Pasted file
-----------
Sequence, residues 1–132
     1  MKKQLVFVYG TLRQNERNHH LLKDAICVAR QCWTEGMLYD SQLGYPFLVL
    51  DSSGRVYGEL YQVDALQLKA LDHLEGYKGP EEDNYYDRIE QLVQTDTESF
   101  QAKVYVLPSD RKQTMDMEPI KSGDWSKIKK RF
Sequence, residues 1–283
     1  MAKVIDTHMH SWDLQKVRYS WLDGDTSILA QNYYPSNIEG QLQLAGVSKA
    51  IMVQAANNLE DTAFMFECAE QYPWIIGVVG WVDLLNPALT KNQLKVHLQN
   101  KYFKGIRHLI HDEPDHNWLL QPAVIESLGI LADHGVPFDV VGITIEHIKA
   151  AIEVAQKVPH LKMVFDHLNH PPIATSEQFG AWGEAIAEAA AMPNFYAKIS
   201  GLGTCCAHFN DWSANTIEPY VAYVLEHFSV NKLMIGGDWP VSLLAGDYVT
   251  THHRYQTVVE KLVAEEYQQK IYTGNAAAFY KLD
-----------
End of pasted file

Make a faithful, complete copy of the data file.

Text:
Sequence, residues 1–132
     1  MKKQLVFVYG TLRQNERNHH LLKDAICVAR QCWTEGMLYD SQLGYPFLVL
    51  DSSGRVYGEL YQVDALQLKA LDHLEGYKGP EEDNYYDRIE QLVQTDTESF
   101  QAKVYVLPSD RKQTMDMEPI KSGDWSKIKK RF
Sequence, residues 1–283
     1  MAKVIDTHMH SWDLQKVRYS WLDGDTSILA QNYYPSNIEG QLQLAGVSKA
    51  IMVQAANNLE DTAFMFECAE QYPWIIGVVG WVDLLNPALT KNQLKVHLQN
   101  KYFKGIRHLI HDEPDHNWLL QPAVIESLGI LADHGVPFDV VGITIEHIKA
   151  AIEVAQKVPH LKMVFDHLNH PPIATSEQFG AWGEAIAEAA AMPNFYAKIS
   201  GLGTCCAHFN DWSANTIEPY VAYVLEHFSV NKLMIGGDWP VSLLAGDYVT
   251  THHRYQTVVE KLVAEEYQQK IYTGNAAAFY KLD